January 12, 2015
Tourism doesn’t wear well on me. I mean that literally. In Sitka I am used to seeing people off of Holland America ships wearing day glow dots with the line’s logo and a big number, indicating the bus they assign you to. I am not normally a tour type of guy but when you’re in a place for only a few hours, there are places you want to see and transportation between them is not direct we decided to opt for a tour. I got a green day glow sticker with the number 10. By the time I got to our first stop it was falling off and the “Location Director” stuck it back on. At the next stop I lost it completely so I got a new one. At the next stop it fell off again. As I said, tourism does not wear well on me, it keeps falling off. It doesn’t stick.
Salaverry is the port for Trujillo, a fine colonial town founded by Pizarro. We didn’t go there. Instead we went to the Huaca Dragon (Dragon Temple), Chan Chan, and the Huanchaco beach to see the reed boats. All three sites relate to the Chimu Nation, a people who pre-dated the Inca and were conquered by them. Chan Chan was called, by a Peruvian friend, “The Poor Man’s Machu Picchu.” It is a ruin, the world’s largest adobe city, covering about 20 square kilometers. It’s a UNESCO World Heritage site made from adobe bricks with different wall carvings, fish, nets, sea otters, seabirds and moons. It’s located near the beach. It had large cisterns holding water. According to one book the Inca defeated the Chimu by destroying aqueducts and then waiting. Just outside Chan Chan there is a Catholic Chapel built by the conquistadores as a way of claiming this pagan site that they didn’t quite understand as theirs.
Huaca Dragon is smaller but with more intricate carvings. It sits between the beach and mountains guarding the approach to Chan Chan. In this arid area the bricks at both sites have held up over hundreds of years, although each time it rains a bit of the ruin melts away. Some of the areas are protected by sheds and archeologists are trying to piece the sites together. The Chimu had no written language so archeologists are trying to figure the culture by interpreting pottery, ceramics and carvings. They believed the Chimu worshiped the moon, not, as the Inca did, the sun. The Chimo believed that there were three parallel worlds, the world where they lived, the underworld with the dead, and the sky with gods. Their Lords were, as best I can tell, the result of copulation between reptiles (snakes) and humans. The guide repeated this several times. The Dragon temple carvings were thought, by the Spanish, to be dragons but they may be representations of this act of procreation.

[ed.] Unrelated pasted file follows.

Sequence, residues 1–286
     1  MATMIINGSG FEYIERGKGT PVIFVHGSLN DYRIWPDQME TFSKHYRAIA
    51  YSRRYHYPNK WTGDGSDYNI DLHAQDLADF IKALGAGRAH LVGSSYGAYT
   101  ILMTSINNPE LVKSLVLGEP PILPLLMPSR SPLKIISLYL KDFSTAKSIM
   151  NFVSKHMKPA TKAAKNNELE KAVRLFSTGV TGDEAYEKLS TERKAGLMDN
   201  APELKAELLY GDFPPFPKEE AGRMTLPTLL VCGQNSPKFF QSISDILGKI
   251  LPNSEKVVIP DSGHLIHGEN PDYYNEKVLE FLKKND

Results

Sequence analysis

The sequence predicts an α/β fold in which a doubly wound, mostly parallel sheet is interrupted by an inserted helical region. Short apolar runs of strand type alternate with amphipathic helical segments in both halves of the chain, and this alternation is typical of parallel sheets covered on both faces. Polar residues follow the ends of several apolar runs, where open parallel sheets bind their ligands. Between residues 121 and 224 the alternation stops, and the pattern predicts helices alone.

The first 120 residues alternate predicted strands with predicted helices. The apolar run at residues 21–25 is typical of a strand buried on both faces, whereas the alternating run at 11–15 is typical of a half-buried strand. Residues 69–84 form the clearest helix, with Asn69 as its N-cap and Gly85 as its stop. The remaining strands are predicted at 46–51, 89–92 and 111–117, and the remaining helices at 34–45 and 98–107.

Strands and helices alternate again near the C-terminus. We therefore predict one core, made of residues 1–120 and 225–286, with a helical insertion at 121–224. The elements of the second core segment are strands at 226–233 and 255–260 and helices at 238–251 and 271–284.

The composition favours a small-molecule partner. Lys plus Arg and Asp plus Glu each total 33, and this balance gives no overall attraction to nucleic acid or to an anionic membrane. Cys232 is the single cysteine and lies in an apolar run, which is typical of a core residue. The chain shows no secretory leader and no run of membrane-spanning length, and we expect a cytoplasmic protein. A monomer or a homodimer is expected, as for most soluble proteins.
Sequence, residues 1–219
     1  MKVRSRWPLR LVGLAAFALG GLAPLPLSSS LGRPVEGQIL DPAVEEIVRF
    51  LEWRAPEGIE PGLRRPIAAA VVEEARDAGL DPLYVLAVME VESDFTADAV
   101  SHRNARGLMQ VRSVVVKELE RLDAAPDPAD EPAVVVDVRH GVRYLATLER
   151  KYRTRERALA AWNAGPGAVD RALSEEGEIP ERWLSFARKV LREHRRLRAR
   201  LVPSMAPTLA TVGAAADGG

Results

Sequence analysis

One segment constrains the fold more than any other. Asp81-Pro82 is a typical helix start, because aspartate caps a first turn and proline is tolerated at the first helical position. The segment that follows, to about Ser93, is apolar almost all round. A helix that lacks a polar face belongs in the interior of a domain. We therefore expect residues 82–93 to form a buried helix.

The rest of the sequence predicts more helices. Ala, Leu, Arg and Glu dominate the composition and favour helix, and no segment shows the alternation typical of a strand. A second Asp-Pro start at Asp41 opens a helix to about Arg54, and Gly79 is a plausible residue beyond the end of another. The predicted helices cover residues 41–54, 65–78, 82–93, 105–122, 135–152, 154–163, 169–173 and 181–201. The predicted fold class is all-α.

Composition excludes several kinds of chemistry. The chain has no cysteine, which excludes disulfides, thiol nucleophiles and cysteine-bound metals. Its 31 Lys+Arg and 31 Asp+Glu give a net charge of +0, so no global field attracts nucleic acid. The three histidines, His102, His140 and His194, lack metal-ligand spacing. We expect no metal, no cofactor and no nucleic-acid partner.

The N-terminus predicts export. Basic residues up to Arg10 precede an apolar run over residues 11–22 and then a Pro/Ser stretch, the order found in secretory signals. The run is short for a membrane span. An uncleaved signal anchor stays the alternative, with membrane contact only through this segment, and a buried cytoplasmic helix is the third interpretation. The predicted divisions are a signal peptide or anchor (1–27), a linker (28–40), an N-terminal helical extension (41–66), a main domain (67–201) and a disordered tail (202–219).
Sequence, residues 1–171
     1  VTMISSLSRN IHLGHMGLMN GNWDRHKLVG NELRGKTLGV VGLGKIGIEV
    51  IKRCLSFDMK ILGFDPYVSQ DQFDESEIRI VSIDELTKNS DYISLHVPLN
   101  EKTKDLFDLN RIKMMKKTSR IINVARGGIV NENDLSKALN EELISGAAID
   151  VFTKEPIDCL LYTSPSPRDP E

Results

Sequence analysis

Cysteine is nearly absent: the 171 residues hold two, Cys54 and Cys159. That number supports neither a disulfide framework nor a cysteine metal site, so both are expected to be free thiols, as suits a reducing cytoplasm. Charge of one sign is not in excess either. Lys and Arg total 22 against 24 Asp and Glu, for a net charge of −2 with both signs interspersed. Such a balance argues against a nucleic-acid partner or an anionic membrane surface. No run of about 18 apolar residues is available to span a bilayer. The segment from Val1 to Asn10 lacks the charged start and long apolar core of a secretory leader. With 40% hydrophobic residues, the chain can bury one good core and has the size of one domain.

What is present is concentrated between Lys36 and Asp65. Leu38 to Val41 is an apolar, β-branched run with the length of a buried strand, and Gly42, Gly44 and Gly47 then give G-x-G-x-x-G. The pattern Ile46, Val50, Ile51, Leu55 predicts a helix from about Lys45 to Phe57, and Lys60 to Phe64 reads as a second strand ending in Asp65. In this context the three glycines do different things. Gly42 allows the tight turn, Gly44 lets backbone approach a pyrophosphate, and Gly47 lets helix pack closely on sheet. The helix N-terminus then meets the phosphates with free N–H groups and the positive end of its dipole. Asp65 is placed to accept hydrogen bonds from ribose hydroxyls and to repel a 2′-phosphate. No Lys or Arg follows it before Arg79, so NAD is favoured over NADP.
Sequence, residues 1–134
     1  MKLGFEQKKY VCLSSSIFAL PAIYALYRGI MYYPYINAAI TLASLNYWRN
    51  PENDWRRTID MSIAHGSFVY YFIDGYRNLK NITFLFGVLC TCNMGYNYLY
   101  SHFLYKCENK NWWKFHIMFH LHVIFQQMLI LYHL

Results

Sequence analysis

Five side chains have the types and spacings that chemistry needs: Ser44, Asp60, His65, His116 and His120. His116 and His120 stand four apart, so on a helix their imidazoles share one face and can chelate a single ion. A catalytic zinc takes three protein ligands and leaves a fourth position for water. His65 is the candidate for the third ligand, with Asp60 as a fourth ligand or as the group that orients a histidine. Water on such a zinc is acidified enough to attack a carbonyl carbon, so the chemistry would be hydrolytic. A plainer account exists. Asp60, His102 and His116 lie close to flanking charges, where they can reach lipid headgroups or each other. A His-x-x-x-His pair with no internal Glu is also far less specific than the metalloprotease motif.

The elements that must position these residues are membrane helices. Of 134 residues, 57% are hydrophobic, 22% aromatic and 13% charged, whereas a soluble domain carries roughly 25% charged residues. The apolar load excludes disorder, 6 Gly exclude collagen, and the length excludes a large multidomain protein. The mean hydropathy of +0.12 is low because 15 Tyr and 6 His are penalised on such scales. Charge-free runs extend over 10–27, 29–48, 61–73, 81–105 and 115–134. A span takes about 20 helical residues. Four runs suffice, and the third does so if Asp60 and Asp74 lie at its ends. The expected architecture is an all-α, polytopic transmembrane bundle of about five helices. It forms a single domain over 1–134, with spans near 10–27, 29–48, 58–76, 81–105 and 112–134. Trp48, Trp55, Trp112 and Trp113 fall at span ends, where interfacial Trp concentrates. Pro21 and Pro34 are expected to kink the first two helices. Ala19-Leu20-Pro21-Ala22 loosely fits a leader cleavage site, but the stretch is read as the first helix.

The reed boats are on a beach near Chin Chin. They’re almost like sea horses, bundles of reeds tightly tied together with a big prow that looks a little like a horse’s head. Fishermen ride them like horses. They paddle them out through the surf to set nets in the early morning and then ride them in almost like surfboards, with which they now compete for space on the beach. At noon they repeat the process to bring in their catch. The boats last about 3 months and then need to be replaced with fresh reeds. Some of the current boat builders cheat and put Styrofoam at the core of the vessel. The design of the boats (minus Styrofoam) dates back 2000 years to the Moche civilization that predated the Chimu. The boats were used by the Chimu and are still used by present day Peruvians.
The tour brochures call the ports “uninteresting.” I love them with bulk carriers on each side of us, one dealing with grain the other copper ore. The port of Salaverry is also full of fishing boats that work the rich waters of the Humboldt Current. The current brings cold water up from the Antarctic (it also brought trade goods up from Chile and southern Peru.) Because of this cold current the air and water temperatures drop dramatically between Manta, Ecuador and Salaverry, Peru. We are just a few degrees south of the equator and the water temperature is 19 degrees C, or only about 70 F. This cold water brings an abundance of sea life. From the ship we see whales, dolphins, sea birds and lots of fishing craft. Somewhere between Manta and Salaverry the Humboldt Current meets a warm equatorial current, the combined currents swing west somewhat south of the equator creating part of the South Pacific Conveyer. Our captain gave a brief talk about this at sea yesterday. It was this conveyer that Thor Heyerdahl rode in Kon-Tiki as he sailed from South America to Polynesia.
The drive to and from the “attractions” is as interesting as visiting the attractions themselves. There are a lot of shanty towns. Our guide tells us they are filled with mountain people, refugees who fled the Shining Path Maoist insurrection. The insurrection is over but the people remain. Along the roads we see tuk tuks, little motorized rickshaws. I did a double take, however, when we passed the “Estrella de David” (Star of David) gas station, all decked out in the blue and white of the Israeli Flag. I would love to know the story behind that. All Google told me was that it was a good place to get motorcycle parts.
One thought on “Cities that Melt Away in the Rain”
Great pictures and comments. I love how you and Suzi see the world. Wonder and curiosity! I’m still looking for the picture of the pig, though. Greetings from Marlow and me.